News that doesn't receive the necessary attention.

Thursday, October 8, 2015

Globalization has been killing America's economy for years now. Solution is to reassert original US tradition of running its economy explicitly in its national interest, not in deference to supposed benevolence of free markets-Ian Fletcher, 11/7/2012

Nov. 2012 article

11/7/2012, "Romney Lost Because He Failed to Embrace Economic Nationalism," Ian Fletcher, Huffington Post

"If Romney had won, I'd be saying it was because Americans have a long, long history of booting incumbents who preside over high unemployment and economic weakness

This much is true. In fact, I think Romney counted on it all too much. In the end, his case against Obama came down to "Your economy sucks."

I guess he figured it worked for Reagan.

But no, actually, it didn't. Reagan's case against Jimmy Carter in 1980 wasn't merely a negative one, but backed up by a well-developed and then-new alternative philosophy of economics.

You can disagree with that philosophy, in whole or in part, and question how new under the sun it was, but there's no question that there was a "there" there. Tax cuts, deregulation, laissez-faire, supply side economics, and the Laffer curve amounted to something substantial.

Reagan had a positive vision, and that makes all the difference. What matters in politics isn't what you're against, it's what you're for.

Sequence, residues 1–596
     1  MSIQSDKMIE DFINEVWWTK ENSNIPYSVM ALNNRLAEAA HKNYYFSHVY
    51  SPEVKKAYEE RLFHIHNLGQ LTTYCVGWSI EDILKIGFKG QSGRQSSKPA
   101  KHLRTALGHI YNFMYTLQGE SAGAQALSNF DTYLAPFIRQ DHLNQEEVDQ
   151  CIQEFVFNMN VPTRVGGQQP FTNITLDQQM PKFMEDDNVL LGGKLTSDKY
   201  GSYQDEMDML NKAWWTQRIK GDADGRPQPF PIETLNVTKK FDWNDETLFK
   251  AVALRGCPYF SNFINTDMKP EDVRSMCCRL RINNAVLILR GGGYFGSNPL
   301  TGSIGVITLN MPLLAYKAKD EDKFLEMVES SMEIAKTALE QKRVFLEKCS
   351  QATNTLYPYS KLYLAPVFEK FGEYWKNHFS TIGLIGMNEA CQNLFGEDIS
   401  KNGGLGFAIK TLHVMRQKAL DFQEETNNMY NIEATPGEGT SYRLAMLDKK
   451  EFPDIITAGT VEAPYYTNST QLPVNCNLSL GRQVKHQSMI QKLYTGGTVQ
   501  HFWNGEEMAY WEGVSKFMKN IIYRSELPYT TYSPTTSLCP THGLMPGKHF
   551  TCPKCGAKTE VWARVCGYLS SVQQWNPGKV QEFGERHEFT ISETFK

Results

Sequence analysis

What did Romney have? A thin "five point plan" with less substance than Ronald Reagan's offhand remarks. The same old Republican orthodoxy, only of interest to orthodox Republicans. Tax cuts that weren't irresponsible because tax increases would make up for them -- so they weren't really tax cuts, just changes. 

None of this was inevitable. The political space exists for a new rightist vision of the economy. It's called economic nationalism

This position says that America's economy has been getting sick from uncontrolled globalization for years now, and that the answer is to reassert our original economic tradition, which goes back to Hamilton, of running our economy explicitly in the national interest, not in mere deference to the supposed benevolence of free markets.

Its first big policy would be repudiating free trade. (Which I support.)

Its second big policy would be cutting mass immigration. (I take no position here, but it's part of the package.)

If Romney had been serious about these policies, he could have offered the American people a real alternative to Obama. Both these policies are popular with the voting public, and even more so with the rightist and centrist voters Romney needed to win.